What is an EU Authorised Representative and who must appoint one? Hold Tech Files addresses the key issue
If you export to the European Union, you may have heard about EU Authorised Representatives and be wondering what they are. How do they differ from distributors or importers? What do they have to do? Who must have one and how are they appointed?
In this article, Hold Tech Files explains the new regulatory requirements and what you need to know about Authorised Representatives.
All the talk about Authorised Representatives (ARs) stems from the new European Union (EU) Regulation 2019/1020 on market surveillance and compliance of products. This came into force on 16 July 2021 with the aim of improving the ‘policing’ of markets in the EU to ensure products comply with applicable regulations and directives. Annex I of Regulation 2019/1020 lists approximately 70 product Directives that are affected by the new requirements. Examples from the industrial sector include:
Other directives listed in Annex I cover products as diverse as personal protective equipment (PPE), toys and recreational craft.
While Regulation 2019/1020 places obligations on Member States and their market authorities, it also has important implications for manufacturers that export to the EU – and this includes the UK, now the UK has left the EU. Specifically, Regulation 2019/1020 introduces new requirements relating to an ‘economic operator’. Without an economic operator established in the EU, you are prohibited from placing goods on the market.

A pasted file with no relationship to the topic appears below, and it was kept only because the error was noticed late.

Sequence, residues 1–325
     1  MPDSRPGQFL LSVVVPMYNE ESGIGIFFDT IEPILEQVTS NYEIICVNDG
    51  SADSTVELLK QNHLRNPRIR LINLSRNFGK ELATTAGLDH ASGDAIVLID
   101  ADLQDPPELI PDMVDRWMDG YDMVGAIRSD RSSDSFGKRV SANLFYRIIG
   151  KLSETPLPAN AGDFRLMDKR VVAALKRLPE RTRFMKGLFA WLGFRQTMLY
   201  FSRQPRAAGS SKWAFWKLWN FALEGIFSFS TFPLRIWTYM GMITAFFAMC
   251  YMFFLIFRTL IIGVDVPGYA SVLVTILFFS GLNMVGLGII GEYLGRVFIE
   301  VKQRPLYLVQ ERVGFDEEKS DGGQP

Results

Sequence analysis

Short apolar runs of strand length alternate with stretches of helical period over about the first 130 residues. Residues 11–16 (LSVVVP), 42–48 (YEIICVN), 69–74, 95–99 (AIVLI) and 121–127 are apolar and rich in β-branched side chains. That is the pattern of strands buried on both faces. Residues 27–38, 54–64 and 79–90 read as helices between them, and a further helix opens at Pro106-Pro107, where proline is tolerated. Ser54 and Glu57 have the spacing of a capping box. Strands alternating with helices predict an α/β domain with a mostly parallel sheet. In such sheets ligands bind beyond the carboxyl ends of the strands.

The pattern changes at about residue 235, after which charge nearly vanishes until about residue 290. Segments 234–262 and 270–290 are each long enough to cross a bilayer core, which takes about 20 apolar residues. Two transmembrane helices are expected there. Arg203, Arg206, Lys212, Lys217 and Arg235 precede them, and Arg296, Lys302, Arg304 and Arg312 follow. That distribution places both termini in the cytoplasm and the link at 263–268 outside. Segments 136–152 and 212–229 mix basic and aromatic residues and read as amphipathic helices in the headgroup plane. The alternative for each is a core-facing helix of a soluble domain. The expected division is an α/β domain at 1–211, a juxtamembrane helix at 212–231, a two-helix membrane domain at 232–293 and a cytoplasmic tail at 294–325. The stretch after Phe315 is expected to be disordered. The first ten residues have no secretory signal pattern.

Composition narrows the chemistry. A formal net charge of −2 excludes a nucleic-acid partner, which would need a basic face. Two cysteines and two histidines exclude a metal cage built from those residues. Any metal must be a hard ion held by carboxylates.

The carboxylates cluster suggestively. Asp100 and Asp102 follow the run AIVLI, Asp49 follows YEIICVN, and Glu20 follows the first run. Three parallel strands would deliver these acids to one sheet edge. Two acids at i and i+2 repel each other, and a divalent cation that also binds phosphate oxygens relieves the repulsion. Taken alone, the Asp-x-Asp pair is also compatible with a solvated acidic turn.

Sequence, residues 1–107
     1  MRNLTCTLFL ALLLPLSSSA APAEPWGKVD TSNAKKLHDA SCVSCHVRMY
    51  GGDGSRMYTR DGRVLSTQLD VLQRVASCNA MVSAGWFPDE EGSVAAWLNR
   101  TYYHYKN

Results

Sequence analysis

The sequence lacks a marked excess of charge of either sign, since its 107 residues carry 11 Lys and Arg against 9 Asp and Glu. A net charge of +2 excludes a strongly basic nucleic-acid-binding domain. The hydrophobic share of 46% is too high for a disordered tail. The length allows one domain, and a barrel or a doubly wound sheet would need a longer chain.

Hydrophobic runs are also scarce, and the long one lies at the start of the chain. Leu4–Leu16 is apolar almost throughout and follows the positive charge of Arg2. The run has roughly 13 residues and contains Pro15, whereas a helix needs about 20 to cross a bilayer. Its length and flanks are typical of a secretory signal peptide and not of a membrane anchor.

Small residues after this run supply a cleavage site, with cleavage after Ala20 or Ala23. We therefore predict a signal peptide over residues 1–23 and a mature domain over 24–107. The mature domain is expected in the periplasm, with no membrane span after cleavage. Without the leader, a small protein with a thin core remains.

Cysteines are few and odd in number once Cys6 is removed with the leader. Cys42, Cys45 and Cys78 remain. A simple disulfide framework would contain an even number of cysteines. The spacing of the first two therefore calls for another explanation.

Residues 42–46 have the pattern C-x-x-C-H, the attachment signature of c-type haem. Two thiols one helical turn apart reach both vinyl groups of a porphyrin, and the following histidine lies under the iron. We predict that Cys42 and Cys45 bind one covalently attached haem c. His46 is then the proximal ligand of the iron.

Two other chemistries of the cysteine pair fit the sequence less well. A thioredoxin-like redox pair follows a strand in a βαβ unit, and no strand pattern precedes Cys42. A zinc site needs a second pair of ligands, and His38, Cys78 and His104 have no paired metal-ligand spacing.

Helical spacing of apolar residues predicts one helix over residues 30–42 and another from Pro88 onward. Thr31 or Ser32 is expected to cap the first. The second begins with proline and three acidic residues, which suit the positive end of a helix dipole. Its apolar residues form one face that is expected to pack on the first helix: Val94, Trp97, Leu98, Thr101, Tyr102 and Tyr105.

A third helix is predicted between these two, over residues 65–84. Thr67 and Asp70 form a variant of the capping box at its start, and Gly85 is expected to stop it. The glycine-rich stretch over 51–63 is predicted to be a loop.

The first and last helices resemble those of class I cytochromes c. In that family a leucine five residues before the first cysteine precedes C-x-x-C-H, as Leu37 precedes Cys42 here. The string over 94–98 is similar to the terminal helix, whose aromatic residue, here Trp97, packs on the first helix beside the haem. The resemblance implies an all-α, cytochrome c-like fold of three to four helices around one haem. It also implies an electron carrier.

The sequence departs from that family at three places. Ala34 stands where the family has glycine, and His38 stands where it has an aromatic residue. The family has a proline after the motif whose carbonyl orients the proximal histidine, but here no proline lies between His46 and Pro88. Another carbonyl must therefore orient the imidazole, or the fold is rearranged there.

The economic operator is responsible for ensuring the conformity documentation is available, co-operating with market surveillance authorities and informing authorities if there are reasons to believe a product presents a risk.
According to Regulation 2019/1020, an economic operator can be any of the following: the manufacturer; the importer; an authorised representative; or a fulfilment service provider when none of the foregoing is established in the EU. Article 3 of the Regulation provides definitions for these four terms.
If a manufacturer is based outside the EU, the options for an economic operator are restricted to an importer, AR or fulfilment service provider. For industrial products or those where regulatory compliance is complex, it is unlikely that either the importer or fulfilment service provider will be competent or willing to take on the responsibilities of being the economic operator. Furthermore, if a manufacturer appoints an importer as the economic operator, this could entail sharing valuable intellectual property contained in technical files, which manufacturers will be reluctant to do. This leaves an AR as the only viable option.
An AR is defined in Regulation 2019/1020 as any natural or legal person established within the Union who has received a written mandate from a manufacturer to act on its behalf in relation to specified tasks with regard to the manufacturer's obligations under the relevant Union harmonisation legislation or under the requirements of the Regulation.